Not all spiritual teachings are created equal. Some spiritual teacher speak of magical powers, others speak of prophecy. Some spiritual teaching preach a relation to a father God, others to a mother goddess. Some spiritual teachings encourage the phenomena of emptiness, others of fullness and truth. If we are going to choose a spiritual path among the many, it would be wise to choose a path which supports are psychological growth and development… a path that speaks to the highest potentials of psychic life.

Carl Jung borrowed from symbolism and archetypes to show that the highest potential of psychic life is Self-realization. There is only one spiritual teaching that directly speaks Self-realization.This spiritual teaching it is called Vedanta.

Vedanta means the “end” or the “goal” of the Vedas. The Vedas are the oldest spiritual teaching still in practice today, dating back over 3500 years. The Vedas were written by visionary Sages, called Rishi, capable of profound states of meditation. The Sages would look inside their hearts and there they would discover God, as one with the innermost Self.

The teachings of Vedanta seek to reveal the true nature of the Self. Theses ancient texts offer teachings on Self-realization in a form that is simultaneously direct and dialectical. There is a logic of the Self, that if understood, takes us directly into pure subjective awareness of our unity with not only God, but with all beings and the cosmos. In other words, Vedanta teaches nonduality.

In the 8th Century AD,  the philosopher Adi Shankara offered a commentary of several of the Upanishads that is quite helpful for our understanding. In a commentary on the Katha Upanishad, Shankara discusses the meaning of the Upanishads. He says,”the word Upanishad is formed by adding the upa (near)  and the ni (with certainty) to the root sad, meaning, to shatter or kill, to attain, to loosen.”

The knowledge offered in the Upanishads ‘loosens’ or ‘shatters’ the seed of illusion. The knowledge is obtained by those who meditate on the innermost Self (Atman). Understanding the true nature of the Self leads to a release from the bondage of illusion:”Knowing that, one becomes freed from the jaws of death”.

The Upanishads teach of the Unity of the Ultimate Reality (Brahman) and the innermost Self (Atman). The fruit of this knowledge is release from the bondage of illusion. Brahman as the supreme Self (and supreme God) is goal of human existence. The word Brahman is from the root bṛh- “to swell, expand, grow, enlarge”. Brahman, as that which swells, expands, grows, enlarges, is the ground of being. All things are conditional upon Brahman. Brahman gives rise to, underlies, and pervades all of existence. The world of name and form emerge from and return to Brahman.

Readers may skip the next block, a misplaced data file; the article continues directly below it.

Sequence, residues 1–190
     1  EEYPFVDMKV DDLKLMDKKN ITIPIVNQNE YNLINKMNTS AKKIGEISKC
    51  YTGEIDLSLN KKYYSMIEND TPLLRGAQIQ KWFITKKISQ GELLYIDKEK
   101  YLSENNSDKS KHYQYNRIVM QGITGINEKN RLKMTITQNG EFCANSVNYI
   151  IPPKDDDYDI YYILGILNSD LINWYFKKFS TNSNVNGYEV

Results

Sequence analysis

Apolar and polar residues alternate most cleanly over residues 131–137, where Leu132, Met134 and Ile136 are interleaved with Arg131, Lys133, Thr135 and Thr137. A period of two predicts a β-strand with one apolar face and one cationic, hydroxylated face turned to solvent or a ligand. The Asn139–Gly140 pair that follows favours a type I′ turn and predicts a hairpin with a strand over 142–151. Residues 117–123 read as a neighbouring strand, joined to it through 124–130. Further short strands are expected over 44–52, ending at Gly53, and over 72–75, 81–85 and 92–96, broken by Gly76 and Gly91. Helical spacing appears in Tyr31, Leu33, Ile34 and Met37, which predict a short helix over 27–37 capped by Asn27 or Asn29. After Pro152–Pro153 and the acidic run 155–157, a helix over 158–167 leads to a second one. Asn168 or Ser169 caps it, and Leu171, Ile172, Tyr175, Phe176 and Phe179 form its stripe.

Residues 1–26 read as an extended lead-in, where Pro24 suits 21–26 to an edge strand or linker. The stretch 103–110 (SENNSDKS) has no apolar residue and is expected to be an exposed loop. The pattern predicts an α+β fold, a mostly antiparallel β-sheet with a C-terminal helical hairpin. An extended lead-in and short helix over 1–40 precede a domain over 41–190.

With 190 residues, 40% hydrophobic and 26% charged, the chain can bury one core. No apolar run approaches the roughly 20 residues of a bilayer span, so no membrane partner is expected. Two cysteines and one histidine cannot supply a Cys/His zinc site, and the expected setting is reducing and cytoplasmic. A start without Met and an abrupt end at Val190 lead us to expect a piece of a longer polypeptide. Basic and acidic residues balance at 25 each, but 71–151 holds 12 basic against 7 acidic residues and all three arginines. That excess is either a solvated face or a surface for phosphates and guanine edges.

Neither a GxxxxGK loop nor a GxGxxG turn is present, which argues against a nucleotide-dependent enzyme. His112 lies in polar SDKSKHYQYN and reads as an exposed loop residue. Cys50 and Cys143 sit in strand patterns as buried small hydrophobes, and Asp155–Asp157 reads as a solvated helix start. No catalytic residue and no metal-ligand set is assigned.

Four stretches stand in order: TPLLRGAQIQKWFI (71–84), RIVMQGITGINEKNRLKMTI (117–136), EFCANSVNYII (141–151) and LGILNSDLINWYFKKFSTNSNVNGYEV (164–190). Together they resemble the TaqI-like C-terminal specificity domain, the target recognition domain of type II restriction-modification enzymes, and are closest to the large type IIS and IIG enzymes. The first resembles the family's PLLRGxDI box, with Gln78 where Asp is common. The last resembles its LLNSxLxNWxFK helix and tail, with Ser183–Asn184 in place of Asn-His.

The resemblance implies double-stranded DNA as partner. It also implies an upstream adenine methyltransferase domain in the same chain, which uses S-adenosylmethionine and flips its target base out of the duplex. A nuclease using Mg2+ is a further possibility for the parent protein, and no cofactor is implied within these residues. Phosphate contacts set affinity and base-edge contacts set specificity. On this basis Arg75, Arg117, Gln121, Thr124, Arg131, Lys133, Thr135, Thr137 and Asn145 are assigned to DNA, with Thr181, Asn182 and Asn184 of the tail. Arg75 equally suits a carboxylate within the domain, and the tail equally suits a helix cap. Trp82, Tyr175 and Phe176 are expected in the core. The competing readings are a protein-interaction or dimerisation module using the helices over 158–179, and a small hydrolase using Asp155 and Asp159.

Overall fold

As Spiritual Path, symbols guide the process of Self-realization. Brahman is at first known through meditation on the qualities of Brahman, often in the subtle forms of sacred symbols and mantras. Archetypal forms express the core patterns and motifs encountered on the path to enlightenment. Spiritual symbols encourage the spiritual seeker to contemplate and participate in the unformed, unmodified, immeasurable aspect of being.

For example take the spiritual symbolism of the heart. The heart is a paradigmatic sacred symbol. The Upanishads say that spiritual seekers should seek the lotus of the heart. In the lotus of the heart there is a cave. In the cave there is a space; and this space opens to reveal the limitless and supreme Truth of Brahman.

Or take the symbolism of the Sun, as spiritual light. Isa Upanishad tells us that the one subtle forms of Brahman is the eternal light, likened to an inner sun. One meditates upon the symbol of light as Self-effulgence and Self-illumination, as subtle form of one’s own Self-becoming.

The absolute truth of Brahman extends beyond path all-together. Brahman as the ground of being and of the Self, it is not objectifiable, and can never be known as an object. The Spiritual Path aims toward an object which can never be an object of consciousness, and therefore must be known through the bliss and truth of the Self. Bliss emerges as one experiences the qualities of Brahman.

Those that seek an experience of subtle nature of being are guided by inner symbols. The love and bliss of the heart– as well the light of the inner sun– offer inner images which guide awareness toward itself. Realization of the Self in the spiritual heart or inner sun is Sat-Chit-Ananda (love, bliss, limitlessness). Such a realization takes us beyond symbolism, as the truth and bliss of being.

Carl Jung spoke of the archetypes as contained in a collective unconscious. Jung believed the collective unconscious to be inherited, and to present itself in myth, dreams, and imagination. The Upanishads are not limited to an inherited model, but instead recognizes the archetypes as representations of the infinite and eternal Truth– of Ultimate Reality! This truth emerges in symbolic form from within the Innermost Self, and yet offers an opening to truth which extends beyond the human dimension, into the transpersonal dimensions of being– as Brahman.

Read more: Self-realization in the Work of Carl Jung